Phillips and Rene got together again in 1927, but split, for the last time, at the end of 1928. Rene split, too, from his first wife, soubrette Dorothy Davis. In 1929 he married Sadie Gale, a pretty comedienne and soubrette; she came from a theatrical family and, like Roy, had been on the stage since childhood.
The Depression and the introduction of ‘talkies’ brought lean times. Vaudeville all but disappeared, and Rene and his wife found work in Williamson’s 1930-31 pantomime The House That Jack Built. Roy was with the panto in New Zealand when he got a cable from Mike Connors and Queenie Paul who were resurrecting vaudeville at cheap prices at Sydney’s Haymarket Theatre – and they wanted Mo as their star. Roy rushed to join them.
Their success is legendary. Before long, Connors and Paul had created a new Tivoli Circuit, taking over the Melbourne Tivoli and the Grand Opera House in Sydney, which they renamed the New Tivoli. In Mike Connors, Rene found a ‘feed’, a foil, easily the equal of Stiffy, and possibly better. When Connors and Paul lost control of the Tivoli Circuit, Rene starred for Ernest C. Rolls in Rhapsodies of 1935, a lavish revue at Melbourne’s Apollo (Palace) Theatre. He appeared in elegant top hat and tails, and minus his traditional make up. It worked. Less successful was his only feature film, Strike Me Lucky, which Ken G. Hall made for Cinesound. The indifferent script gave Rene little chance to extemporise, and he missed the reaction and warmth of a live audience. It was one of his very few failures.
In 1936 ‘The Connors and Paul–Roy Rene Amalgamation’ presented weekly change revue at thePrincess in Melbourne. Later that year Rene returned to the Tivoli Circuit, and for the next decade alternated between the Melbourne and Sydney Tivolis, with occasional side trips to Brisbane and Adelaide and flirtations with other managements – like a season at the Apollo in Melbourne for Stanley McKay in 1939. His popularity never waned, and those two letters – MO – outside the theatre would guarantee a full house. And this was the era of 12 performances a week: twice daily: 2 and 8 p.m.
Roy experimented with radio in the late 1930s, and in 1940 he had a lacklustre series on the ABC called The Misadventures of Mo. He bounced back a few years later in Calling the Stars over the Macquarie Network. Suddenly he had a vast, new audience. In one night he could reach more people than could see him on stage in a year. Fred Parsons’ scripts allowed him to expand the aural aspects of his comedy before a ‘live’ studio audience. Suddenly you didn’t need to see Mo: the words and their delivery were enough. McCackie Mansion ran for five years. It was compulsory listening in thousands of homes right across Australia.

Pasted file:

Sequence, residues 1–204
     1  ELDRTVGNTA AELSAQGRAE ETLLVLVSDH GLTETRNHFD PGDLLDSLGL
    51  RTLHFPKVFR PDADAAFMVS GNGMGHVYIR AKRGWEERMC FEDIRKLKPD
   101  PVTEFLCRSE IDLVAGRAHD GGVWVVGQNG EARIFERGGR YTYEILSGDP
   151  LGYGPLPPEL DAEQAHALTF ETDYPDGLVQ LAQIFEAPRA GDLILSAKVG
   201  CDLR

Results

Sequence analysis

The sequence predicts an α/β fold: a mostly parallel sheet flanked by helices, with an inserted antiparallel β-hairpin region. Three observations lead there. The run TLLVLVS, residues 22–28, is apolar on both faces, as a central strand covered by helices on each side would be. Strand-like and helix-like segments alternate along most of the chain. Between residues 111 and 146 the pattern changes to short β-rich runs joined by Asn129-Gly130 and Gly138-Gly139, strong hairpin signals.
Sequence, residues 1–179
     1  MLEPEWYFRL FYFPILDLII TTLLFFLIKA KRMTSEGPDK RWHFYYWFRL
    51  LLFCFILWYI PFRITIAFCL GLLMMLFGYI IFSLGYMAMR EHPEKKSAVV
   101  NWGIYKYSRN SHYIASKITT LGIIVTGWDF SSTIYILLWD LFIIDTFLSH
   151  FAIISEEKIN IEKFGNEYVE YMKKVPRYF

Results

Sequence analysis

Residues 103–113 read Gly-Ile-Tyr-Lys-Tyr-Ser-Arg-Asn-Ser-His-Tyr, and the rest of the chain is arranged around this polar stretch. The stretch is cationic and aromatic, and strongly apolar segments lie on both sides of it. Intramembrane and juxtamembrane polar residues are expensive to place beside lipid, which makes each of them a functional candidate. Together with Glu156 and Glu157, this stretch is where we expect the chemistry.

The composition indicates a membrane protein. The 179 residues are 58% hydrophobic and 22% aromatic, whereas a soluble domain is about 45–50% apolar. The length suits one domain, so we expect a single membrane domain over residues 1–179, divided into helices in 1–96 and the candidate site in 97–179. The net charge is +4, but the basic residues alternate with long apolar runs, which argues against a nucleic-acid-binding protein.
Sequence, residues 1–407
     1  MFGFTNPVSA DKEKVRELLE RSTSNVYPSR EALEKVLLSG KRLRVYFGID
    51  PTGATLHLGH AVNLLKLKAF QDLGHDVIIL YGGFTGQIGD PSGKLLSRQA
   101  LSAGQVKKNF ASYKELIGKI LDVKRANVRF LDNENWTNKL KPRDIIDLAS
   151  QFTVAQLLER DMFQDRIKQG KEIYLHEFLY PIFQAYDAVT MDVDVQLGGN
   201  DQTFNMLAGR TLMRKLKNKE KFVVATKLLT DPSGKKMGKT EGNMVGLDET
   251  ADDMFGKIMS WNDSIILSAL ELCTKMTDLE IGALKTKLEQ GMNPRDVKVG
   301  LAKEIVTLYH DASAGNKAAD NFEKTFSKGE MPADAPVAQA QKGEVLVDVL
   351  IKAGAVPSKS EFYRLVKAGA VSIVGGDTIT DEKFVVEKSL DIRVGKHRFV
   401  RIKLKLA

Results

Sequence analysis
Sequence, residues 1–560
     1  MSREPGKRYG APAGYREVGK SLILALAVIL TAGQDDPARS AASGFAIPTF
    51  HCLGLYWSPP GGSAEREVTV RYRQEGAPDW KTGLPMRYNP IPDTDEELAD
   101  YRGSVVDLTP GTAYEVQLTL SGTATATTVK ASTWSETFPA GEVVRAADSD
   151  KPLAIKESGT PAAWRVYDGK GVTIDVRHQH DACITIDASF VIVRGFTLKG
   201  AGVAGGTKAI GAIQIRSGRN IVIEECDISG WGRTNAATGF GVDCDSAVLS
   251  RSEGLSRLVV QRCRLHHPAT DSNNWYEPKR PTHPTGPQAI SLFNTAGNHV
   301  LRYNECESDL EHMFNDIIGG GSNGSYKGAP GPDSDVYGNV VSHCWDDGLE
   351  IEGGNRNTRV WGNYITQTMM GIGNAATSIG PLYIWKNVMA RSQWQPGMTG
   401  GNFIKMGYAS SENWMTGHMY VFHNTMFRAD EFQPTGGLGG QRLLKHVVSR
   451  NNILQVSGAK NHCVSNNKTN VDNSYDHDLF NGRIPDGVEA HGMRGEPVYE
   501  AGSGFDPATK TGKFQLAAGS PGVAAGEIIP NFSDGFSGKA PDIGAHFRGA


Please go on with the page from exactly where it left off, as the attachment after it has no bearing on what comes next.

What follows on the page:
Roy Rene made his last stage appearances for Harry Wren in McCackie ‘Mo’ments at the King’s in Melbourne in 1949 and in Hellzapoppin at Sydney’s Empire Theatre the following year – with his young son Sam in support. Rene’s health, frail since a serious illness in 1929, deteriorated, yet he continued to honour his radio commitments.
In 1953, on a brief holiday in Lismore, New South Wales, Rene suffered a coronary occlusion. He never fully recovered, and died at his Sydney home on 22 November 1954. There were 1,200 people at his funeral service, and the lights of theatres all over Australia were dimmed in his honour. He was survived by his wife, Sadie, and his son, Sam, who had joined him in some of his last stage shows.
Thousands of stories were told about Mo. Many still are. His success is a matter of history, and much of his art still sparkles in the recordings of his radio shows.
His unique stage persona has been recreated several times, most notably by Michael Scheid in a cabaret show, and by Garry McDonald in Steve J. Spears’ Young Mo, the 1977 Nimrod production for which Martin Sharp produced the ‘Mo’ poster that became the company’s logo. McDonald reprised his interpretation in the localised version of Sugar Babies in 1986.
In 1976, under the stewardship of Johnny O’Keefe, the annual NSW Star Awards expanded to cover the entire country; at Don Lane’s suggestion, and with the endorsement of Roy Rene’s family, they were relaunched as the Australian Entertainment ‘Mo’ Awards.
Roy Rene never ventured further than New Zealand: not for want of offers; he just didn’t want to leave the audiences he was comfortable with. He was an unassuming, unpretentious man, who valued family and friends rather than fame or wealth. He clowned because he loved it, and to make a comfortable home for his family. He had little or no comprehension of his uniqueness; he worked instinctively and he worked hard.
One of his obituaries was affectionately headed ‘He spluttered his way to stardom.’ Strike me lucky – not only stardom, immortality! You little trimmer!
Frank Van Straten, 2007
Celestine McDermott: ‘Roy Rene’ in Australian Dictionary of Biography, volume 11
Graham McInnes: Humping My Bluey. Hamish Hamilton, 1966
Fred Parsons: A Man Called Mo. Heinemann, 1973
Roy Rene: Mo’s Memoirs, Reed and Harris, 1945
Frank Van Straten: ‘Roy Rene – The magic of Mo’, in Stages, March 1988
Poster promoting Stiffy and Mo at the Fullers Bijou Theatre